Studies have also found a connection between the severity of a patient’s Covid infection and the likelihood they will experience long Covid symptoms. Pregnancy and cardiovascular conditions can make Covid symptoms worse. And people with four risk factors — high levels of coronavirus in the blood, the presence of certain autoantibodies, reactivation of Epstein-Barr virus (the virus that causes mono) and Type 2 diabetes — were also more likely to have longer-lasting symptoms after their infection.
While there’s no magic bullet treatment for long Covid, Myint said researchers are hoping that as more people receive layers of protection from Covid, either through vaccination, previous infection or a combination of both, infections and later symptoms will become less severe. For now, however, the standard treatment for long Covid is managing cases on a symptom-by-symptom basis based on each patient’s unique health profile.
People can lower their risk of long Covid by completing the Covid vaccine series according to current Centers for Disease Control (CDC) guidance. Vaccines have been found to lower the risk of developing severe symptoms from a Covid infection and persistent symptoms after infection. While some studies and anecdotal reports from patients have shown a decrease in long Covid symptoms after vaccination, Myint said vaccines should be considered a preventive measure, and not a treatment for long Covid.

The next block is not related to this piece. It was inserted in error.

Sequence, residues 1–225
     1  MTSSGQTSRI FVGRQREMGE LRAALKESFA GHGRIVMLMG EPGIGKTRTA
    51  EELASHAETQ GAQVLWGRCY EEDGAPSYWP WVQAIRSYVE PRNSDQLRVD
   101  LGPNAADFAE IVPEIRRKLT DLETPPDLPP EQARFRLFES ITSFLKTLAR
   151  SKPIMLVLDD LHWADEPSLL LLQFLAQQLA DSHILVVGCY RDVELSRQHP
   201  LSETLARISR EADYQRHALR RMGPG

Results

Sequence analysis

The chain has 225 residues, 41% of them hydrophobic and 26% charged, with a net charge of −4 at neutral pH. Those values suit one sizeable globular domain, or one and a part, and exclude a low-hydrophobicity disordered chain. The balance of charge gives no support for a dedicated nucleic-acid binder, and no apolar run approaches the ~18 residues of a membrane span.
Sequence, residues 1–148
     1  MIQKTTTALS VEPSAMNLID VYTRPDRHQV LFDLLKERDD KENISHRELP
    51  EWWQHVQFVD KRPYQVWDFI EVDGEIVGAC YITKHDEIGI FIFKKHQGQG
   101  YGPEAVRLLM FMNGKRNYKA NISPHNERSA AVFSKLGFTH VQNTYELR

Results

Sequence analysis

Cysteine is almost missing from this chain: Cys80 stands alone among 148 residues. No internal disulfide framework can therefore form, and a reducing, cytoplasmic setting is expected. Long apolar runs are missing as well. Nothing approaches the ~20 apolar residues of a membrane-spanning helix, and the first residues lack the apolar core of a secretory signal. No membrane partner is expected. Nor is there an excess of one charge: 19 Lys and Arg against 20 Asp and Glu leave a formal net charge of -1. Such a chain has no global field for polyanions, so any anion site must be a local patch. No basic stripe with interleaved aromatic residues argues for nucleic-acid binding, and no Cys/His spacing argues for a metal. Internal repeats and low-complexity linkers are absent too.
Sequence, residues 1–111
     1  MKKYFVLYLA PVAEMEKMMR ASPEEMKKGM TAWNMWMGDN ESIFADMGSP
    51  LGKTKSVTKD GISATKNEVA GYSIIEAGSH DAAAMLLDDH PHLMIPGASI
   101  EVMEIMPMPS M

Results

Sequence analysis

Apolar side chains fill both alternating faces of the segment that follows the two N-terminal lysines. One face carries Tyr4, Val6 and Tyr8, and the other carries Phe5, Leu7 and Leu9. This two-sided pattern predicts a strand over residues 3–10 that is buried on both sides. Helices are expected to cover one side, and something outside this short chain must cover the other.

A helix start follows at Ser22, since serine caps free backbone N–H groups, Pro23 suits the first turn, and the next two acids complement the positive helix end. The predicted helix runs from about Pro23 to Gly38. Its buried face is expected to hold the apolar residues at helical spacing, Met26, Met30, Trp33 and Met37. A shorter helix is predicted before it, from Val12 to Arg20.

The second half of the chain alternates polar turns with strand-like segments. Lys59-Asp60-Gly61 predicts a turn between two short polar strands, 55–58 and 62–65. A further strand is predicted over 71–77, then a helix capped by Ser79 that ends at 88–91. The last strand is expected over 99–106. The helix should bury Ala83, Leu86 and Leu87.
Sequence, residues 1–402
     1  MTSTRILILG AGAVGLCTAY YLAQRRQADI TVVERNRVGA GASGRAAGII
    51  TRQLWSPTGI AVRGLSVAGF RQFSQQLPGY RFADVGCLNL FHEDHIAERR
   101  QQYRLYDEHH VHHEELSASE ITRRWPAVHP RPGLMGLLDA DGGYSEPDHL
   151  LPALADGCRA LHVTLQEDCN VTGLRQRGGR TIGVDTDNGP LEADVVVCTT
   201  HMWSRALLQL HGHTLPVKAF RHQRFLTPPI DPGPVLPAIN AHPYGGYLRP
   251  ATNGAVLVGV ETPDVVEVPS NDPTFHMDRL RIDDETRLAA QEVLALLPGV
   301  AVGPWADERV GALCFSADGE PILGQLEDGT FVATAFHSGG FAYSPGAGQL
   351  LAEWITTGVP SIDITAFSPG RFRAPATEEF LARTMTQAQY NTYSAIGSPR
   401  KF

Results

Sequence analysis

Some small studies have found that patients who took antivirals while having Covid were less likely to have long Covid symptoms.
“As we learn more about Covid, we'll probably learn what interventions are more or less effective,” Myint said. “A lot of small studies also indicate that the basic interventions of diet, exercise and sleep are the longer-term way to address all of these symptoms and improve overall wellness, no matter what else you do.”
Her new normal
The best support that family, friends, colleagues and healthcare providers can offer those with long Covid is acknowledging that their symptoms are real, even if they aren’t always visible (such as cognitive impairment) or are undetectable through blood work or other tests. Offering accommodations, such as rest time for fatigue or a modified workload, can help people’s longer-term physical and mental recovery.
Roberts said she’s thankful to have had that support from her husband and daughter throughout her illness. She also said that prayer and seeing a therapist have been vital to her mental health, as has advocacy. As a result of her illness, Roberts became active in groups for long Covid survivors, including Covid Survivors for Change. She regularly contacts local, state and national officials to raise awareness of long Covid, and she’s proud that U.S. Rep. Lucy McBath (D-Georgia) recognized her work in the Congressional Record.
Roberts also joined the RECOVER Initiative, a National Institutes of Health study looking at the long-term effects of Covid. She knows there’s no pill she can take to eliminate her long Covid symptoms or reset her life back to 2019, but she vows to keep fighting for herself and for the many friends she lost.
“God spared me,” Roberts said. “I’m one of the lucky ones because I did survive.”
This resource was created with support from Pfizer.